Compass responded to Zabel's special appearance, asserting that the trial court had specific personal jurisdiction over Zabel. Compass offered a copy of the Check to support its response. Compass pointed out that it was Zabel's unilateral decision to negotiate the Check without first ensuring that it was valid, despite numerous “red flags” indicating that the Check was fraudulent. Compass pointed out that Zabel's decision to negotiate the Check resulted in the Check being drawn on the account of a Texas resident from a Texas bank account.

Compass claimed that, by depositing the Check, Zabel should have known that it was making “various warranties to the depositary bank and all upstream banks,” including Compass, regarding the Check's validity. Compass asserted that Zabel should have “reviewed the check and [seen] that it was purportedly drawn on a Harris County resident.” From this, Compass argues, Zabel should have known that the Compass account was also in Harris County.

Compass asserted that, because a check is considered a contract, “[Zabel] was purportedly entering into a contract with the purported maker of the check, M/I Title, LLC, a Harris County resident.” Compass continued, “[I]t is on this specific contact with Texas that [Zabel] was sued. Indeed, but for [Zabel] deciding to negotiate and deposit the check (which is a purported contract with a Texas resident), [Zabel] would not have been sued and thus jurisdiction is warranted.”

Following a hearing, the trial court signed an order denying Zabel's special appearance. Zabel filed this interlocutory appeal, challenging the trial court's order.2 In one issue, Zabel contends that the trial court erred when it denied its special appearance.

Special Appearance

A. Standard of Review

Whether a court can exercise jurisdiction over a nonresident defendant is a question of law. Kelly v. Gen. Interior Constr., Inc., 301 S.W.3d 653, 657 (Tex. 2010). Thus, we review a trial court's decision on special appearances de novo. Am. Type Culture Collection, Inc. v. Coleman, 83 S.W.3d 801, 805–06 (Tex. 2002). “When, as here, the trial court does not issue findings of fact and conclusions of law, we imply all relevant facts necessary to support the judgment that are supported by evidence.” Moncrief Oil Int'l, Inc. v. OAO Gazprom, 414 S.W.3d 142, 150 (Tex. 2013).

In the context of a special appearance, the parties bear shifting evidentiary burdens. The plaintiff bears the initial burden of pleading allegations that suffice to permit a court's exercise of personal jurisdiction over the nonresident defendant. Retamco Operating, Inc. v. Republic Drilling Co., 278 S.W.3d 333, 337 (Tex. 2009). The plaintiff may carry that burden in its petition or in response to the defendant's special appearance. Predator Downhole Inc. v. Flotek Indus., Inc., 504 S.W.3d 394, 402 (Tex. App.—Houston [1st Dist.] 2016, no pet.); Proppant Sols., LLC v. Delgado, 471 S.W.3d 529, 536 (Tex. App.—Houston [1st Dist.] 2015, no pet.). Once the plaintiff has met this burden, the defendant then assumes the burden of negating all potential bases for personal jurisdiction alleged by the plaintiff. Kelly, 301 S.W.3d at 658.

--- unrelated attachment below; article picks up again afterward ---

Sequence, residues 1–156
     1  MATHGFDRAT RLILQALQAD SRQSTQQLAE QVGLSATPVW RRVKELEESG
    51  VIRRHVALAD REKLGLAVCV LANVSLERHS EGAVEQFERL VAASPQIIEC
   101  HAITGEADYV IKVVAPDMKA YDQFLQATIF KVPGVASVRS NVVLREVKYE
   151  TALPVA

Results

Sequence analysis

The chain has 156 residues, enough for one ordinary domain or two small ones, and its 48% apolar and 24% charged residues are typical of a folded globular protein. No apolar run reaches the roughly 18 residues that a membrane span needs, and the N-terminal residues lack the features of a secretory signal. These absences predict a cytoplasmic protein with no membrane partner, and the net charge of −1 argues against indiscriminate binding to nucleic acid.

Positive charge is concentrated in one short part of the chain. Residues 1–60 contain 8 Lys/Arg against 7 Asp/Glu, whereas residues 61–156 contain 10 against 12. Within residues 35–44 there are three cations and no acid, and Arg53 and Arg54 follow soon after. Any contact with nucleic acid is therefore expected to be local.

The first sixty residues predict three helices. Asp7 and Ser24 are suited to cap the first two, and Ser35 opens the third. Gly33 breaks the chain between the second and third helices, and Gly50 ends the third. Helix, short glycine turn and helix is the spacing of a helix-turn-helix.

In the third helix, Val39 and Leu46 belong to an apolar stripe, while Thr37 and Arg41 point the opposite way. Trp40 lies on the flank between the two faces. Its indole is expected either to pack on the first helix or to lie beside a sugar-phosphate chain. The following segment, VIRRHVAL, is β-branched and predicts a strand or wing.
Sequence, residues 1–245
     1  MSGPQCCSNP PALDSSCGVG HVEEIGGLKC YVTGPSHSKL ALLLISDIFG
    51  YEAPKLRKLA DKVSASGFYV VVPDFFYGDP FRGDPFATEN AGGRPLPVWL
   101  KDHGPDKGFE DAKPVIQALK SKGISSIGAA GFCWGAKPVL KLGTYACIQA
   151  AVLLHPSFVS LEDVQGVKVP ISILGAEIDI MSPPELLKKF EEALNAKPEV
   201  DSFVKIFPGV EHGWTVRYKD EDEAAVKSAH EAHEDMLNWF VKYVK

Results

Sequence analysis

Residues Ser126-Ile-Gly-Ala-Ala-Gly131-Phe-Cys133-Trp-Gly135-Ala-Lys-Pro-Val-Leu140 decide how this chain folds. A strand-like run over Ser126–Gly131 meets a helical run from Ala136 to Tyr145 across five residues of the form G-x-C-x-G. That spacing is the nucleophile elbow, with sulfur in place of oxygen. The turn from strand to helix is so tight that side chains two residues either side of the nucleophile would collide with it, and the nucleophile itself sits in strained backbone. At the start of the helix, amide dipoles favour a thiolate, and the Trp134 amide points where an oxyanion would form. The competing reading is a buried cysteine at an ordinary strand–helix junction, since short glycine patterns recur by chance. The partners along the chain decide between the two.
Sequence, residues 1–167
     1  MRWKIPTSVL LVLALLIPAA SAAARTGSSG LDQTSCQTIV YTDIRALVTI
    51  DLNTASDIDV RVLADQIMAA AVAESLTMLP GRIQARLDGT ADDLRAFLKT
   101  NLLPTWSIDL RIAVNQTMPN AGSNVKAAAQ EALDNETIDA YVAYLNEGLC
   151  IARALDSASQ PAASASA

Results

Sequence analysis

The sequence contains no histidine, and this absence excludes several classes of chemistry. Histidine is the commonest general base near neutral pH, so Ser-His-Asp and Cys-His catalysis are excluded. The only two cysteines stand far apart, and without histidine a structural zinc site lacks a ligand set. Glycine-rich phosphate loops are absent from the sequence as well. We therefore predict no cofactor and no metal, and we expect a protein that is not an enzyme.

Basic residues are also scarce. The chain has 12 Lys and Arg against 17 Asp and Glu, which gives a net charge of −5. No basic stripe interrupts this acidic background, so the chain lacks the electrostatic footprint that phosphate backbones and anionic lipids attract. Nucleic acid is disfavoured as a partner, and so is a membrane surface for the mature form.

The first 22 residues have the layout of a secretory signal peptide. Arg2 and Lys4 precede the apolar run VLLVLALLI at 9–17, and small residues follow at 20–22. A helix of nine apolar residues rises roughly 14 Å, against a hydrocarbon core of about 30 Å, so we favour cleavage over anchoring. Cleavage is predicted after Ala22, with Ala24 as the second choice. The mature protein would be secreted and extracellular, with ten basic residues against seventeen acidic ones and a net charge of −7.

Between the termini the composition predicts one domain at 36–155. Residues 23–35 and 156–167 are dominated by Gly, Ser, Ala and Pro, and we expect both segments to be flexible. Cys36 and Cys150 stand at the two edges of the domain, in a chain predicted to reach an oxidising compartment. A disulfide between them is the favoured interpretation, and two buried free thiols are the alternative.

The defendant can negate jurisdiction on either a factual or legal basis. Id. at 659. A defendant negates the legal basis for jurisdiction by showing that “if the plaintiff's alleged facts are true, the evidence is legally insufficient to establish jurisdiction; the defendant's contacts ․ fall short of purposeful availment; ․ the claims do not arise from the contacts; or ․ traditional notions of fair play and substantial justice are offended by the exercise of jurisdiction.” Id.

If the nonresident defendant produces evidence negating personal jurisdiction, the burden returns to the plaintiff to show that the court has personal jurisdiction over the nonresident defendant. Predator Downhole Inc., 504 S.W.3d at 402. A court should dismiss a lawsuit against a nonresident defendant if the exercise of personal jurisdiction lacks an adequate factual or legal basis. Id.

B. Legal Principles Governing Personal Jurisdiction

Defendants are subject to personal jurisdiction in Texas when two criteria are satisfied: (1) the Texas long arm statute must grant jurisdiction; and (2) the exercise of jurisdiction must comport with federal and state constitutional guarantees of due process. Searcy v. Parex Resources, Inc., 496 S.W.3d 58, 66 (Tex. 2016). Texas's long-arm statute “extends Texas courts' personal jurisdiction as far as the federal constitutional requirements of due process will permit.” M & F Worldwide Corp. v. Pepsi-Cola Metro. Bottling Co., Inc., 512 S.W.3d 878, 885 (Tex. 2017) (citing BMC Software Belgium, N.V. v. Marchand, 83 S.W.3d 789, 795 (Tex. 2002)). To comport with due process requirements, two requirements must be met: (1) the defendant must have established minimum contacts with the forum state; and (2) the assertion of jurisdiction cannot offend traditional notions of fair play and substantial justice. M & F Worldwide Corp. v. Pepsi-Cola Metro. Bottling Co., Inc., 512 S.W.3d 878, 885 (Tex. 2017) (quoting Walden v. Fiore, 134 S. Ct. 1115, 1121 (2014) citing Int'l Shoe Co. v. Washington, 326 U.S. 310, 316, 66 S. Ct. 154, 158 (1945)).